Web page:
New Motion Sensing System Better Indicator of Recovery from Spine Surgery than Reports of Pain


As reported in, our researchers here at the Spine Research Institute have found that subjective levels of pain are not the best way to determine a patient’s recovery from spinal surgery.  Pain during the healing process can be caused by a variety of factors, is highly subjective, and is ultimately a poor way to quantify progress.

Dr. Marras and our team here at the SRI believe how patients move is a much better indicator of clinical recovery from back pain.  We have designed a wearable motion-sensing system that allows researchers to detect changes in the way patients move, creating a less-subjective and more quantifiable measure of recovery.  The system consists of sensors mounted on the upper back and waist of a wearable harnesses to capture a person’s position, range of motion, velocity and acceleration.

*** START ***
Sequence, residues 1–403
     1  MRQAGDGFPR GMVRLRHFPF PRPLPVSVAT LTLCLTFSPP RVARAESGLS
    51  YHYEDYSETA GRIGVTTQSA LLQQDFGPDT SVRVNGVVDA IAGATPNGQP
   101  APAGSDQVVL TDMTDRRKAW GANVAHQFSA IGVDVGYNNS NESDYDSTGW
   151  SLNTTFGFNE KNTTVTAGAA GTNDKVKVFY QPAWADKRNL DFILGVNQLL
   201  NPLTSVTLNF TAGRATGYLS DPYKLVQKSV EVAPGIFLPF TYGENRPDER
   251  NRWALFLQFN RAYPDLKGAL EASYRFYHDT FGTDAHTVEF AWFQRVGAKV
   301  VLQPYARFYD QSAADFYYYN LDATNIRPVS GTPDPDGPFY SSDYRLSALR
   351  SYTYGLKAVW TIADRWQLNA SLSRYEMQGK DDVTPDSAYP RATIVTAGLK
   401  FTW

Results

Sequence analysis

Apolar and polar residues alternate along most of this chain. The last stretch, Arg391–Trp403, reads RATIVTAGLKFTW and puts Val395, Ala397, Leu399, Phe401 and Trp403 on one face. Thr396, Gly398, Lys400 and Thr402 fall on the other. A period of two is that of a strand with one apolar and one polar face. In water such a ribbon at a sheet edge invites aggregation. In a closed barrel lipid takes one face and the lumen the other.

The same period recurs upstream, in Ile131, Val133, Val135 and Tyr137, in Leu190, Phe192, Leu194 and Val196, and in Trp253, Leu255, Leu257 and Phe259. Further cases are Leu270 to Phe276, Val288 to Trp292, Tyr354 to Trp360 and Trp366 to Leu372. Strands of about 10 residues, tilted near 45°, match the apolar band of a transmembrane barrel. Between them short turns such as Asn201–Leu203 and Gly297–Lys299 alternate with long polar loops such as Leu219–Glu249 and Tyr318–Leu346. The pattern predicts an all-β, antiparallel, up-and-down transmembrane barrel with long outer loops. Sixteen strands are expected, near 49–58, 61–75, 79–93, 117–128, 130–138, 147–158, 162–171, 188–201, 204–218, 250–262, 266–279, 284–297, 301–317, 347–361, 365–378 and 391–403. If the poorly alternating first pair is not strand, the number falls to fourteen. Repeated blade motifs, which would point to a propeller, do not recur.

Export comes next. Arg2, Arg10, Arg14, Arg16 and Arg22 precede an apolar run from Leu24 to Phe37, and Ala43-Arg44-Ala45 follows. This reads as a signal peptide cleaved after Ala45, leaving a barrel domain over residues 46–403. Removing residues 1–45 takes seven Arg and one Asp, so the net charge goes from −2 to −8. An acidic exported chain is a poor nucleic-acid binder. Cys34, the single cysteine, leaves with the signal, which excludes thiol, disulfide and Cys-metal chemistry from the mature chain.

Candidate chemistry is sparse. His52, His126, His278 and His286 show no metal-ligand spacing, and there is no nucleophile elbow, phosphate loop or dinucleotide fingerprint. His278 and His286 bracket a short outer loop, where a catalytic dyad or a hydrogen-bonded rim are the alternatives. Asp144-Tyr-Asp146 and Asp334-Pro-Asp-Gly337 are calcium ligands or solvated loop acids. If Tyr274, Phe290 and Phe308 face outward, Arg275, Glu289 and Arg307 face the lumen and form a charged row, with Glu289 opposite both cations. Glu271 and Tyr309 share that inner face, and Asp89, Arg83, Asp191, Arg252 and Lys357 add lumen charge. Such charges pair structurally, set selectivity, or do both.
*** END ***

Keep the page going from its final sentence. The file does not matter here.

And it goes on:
Our technology is able to look at (1) whether or not an individual has a back impairment, and (2) what is its status (is it getting better, or worse, is it progressing, or is it off the scales)?  While pain relief is important, objective measurements of spine function may be a better gauge of when it’s safe to return to normal activities after spinal fusion surgery.

You can read more details about this study, which was published in Clinical Biomechanics.